No, but thanks for asking
While knowledge is power, the information age could be too much of a good thing. That's the message some heard in President Obama's weekend commencement speech in which he bemoaned (Keep an eye on that "some," but don't look too hard for the end of the sentence; it isn't there in the original either.)
Speaking at Hampton University in Virginia, the president raised alarms when he said "information becomes a distraction, a diversion" that is putting "pressure on our country and on our democracy." (Likewise the "raised alarms.")
The president suggested less is more when it comes to absorbing news content and urged graduates to take a skeptical eye toward news from blogs, cable television and radio as well as modern gadgets like iPods and PlayStations.
That's kind of, strictly speaking, a lie (go read the thing yourself if you haven't had your fill of graduation addresses this month). So perhaps it's appropriate that we turn to Brent Bozell to fill in for the "some" in the lede:
... But coming from a commander-in-chief known for his fondness for technology and skill at employing it to his political advantage, Obama's comments were seen as more than just a president's lament that the Kindle could someday replace the hardcover.
"Nobody (has) used the media more masterfully" than Obama, said Brent Bozell, president of the conservative Media Research Center. "Now he turns against certain elements of it because he doesn't need them anymore, he thinks."
That's the context that sets up the real point. Having exhausted the "you LIE!" angle, the Fair 'n' Balanced Network turns its attention back to the War On Fox, though not without some glitches:
Targeting cable, radio and blogs has become somewhat of a political sport of the Obama administration.
The president in February, as the health care debate was in a crescendo, urged Democratic senators to "turn off" their televisions. He singled out CNN, Fox News, MSNBC and blogs, urging lawmakers to get out of the "echo chamber." That was after the administration spent several weeks in the fall criticizing Fox News.
Last September, the president also used a string of major network and cable interviews to scold the media for playing up "outrageous" political comments.
Another odd moment came in March, when an e-mail sent to Senate staffers warned them not to visit The Drudge Report out of concern for a virus. At the time, Sen. Jim Inhofe, R-Okla., alleged that "somebody" was intentionally trying to "discourage" people from visiting the Web site, which is highly influential in shaping daily news coverage.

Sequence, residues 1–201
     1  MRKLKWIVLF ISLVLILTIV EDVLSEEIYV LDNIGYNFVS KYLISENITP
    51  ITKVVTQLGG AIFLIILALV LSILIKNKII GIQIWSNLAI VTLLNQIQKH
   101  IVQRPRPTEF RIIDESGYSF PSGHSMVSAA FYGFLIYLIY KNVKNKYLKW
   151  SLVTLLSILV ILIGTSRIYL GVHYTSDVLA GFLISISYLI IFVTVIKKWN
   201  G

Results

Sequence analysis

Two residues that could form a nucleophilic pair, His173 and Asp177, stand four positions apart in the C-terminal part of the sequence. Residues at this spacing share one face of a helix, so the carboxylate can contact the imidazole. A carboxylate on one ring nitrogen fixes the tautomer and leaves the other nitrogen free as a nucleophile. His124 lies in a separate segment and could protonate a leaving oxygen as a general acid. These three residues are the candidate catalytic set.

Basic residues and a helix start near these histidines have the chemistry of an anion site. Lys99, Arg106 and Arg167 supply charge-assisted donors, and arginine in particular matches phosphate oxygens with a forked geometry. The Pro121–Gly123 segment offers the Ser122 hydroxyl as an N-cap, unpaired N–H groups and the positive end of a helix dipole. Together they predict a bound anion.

Interesting. Most people count the Senate as part of the "legislative" branch, rather than as part of the administration. Even more interesting -- OK, my office computer caught a really nasty virus in March, and the nice IT folks who spent a day cleaning it mentioned that evildoers are getting really good at sneaking their output into parts of legitimate sites. Having kept up with Inhofe's dark mutterings, I asked if the poor computer could have been bitten at the Drudge site. They said, more or less: Can't tell, wouldn't rule it out. So I've taken that bit of free-speech paranoia in a slightly more nuanced context since then.
Free-speech paranoia, after all, is the point of today's little exercise. This clause isn't a top story on the third day because it's the moral equivalent of "We have nothing to fear but fear itself." It's there because if you have nothing to fear, you aren't trying hard enough:
Hitler controlled the news...Why not Obama? Is Obama's copy of Mein Kampf signed by the author?
Perhaps it is getting uncomfortable for Obama to constantly be caught in his lies by an informed America??? Is that why he stopped doing real press conferences or town halls?
What Osamabama meant by "information is a distraction" is that any information that does not come from their approved lamestream media zombies is a distraction to the lies he tells trying to transform America into just another weak European-style welfare state.
Of course he is afraid of knowledge and information because that is the same thing that Hitler tried to pull. Hitler would be proud of obama because surpressing knowlege and information keeps the liberals in power.
Great week to start teaching journalism history, isn't it? Did I tell you I love my job?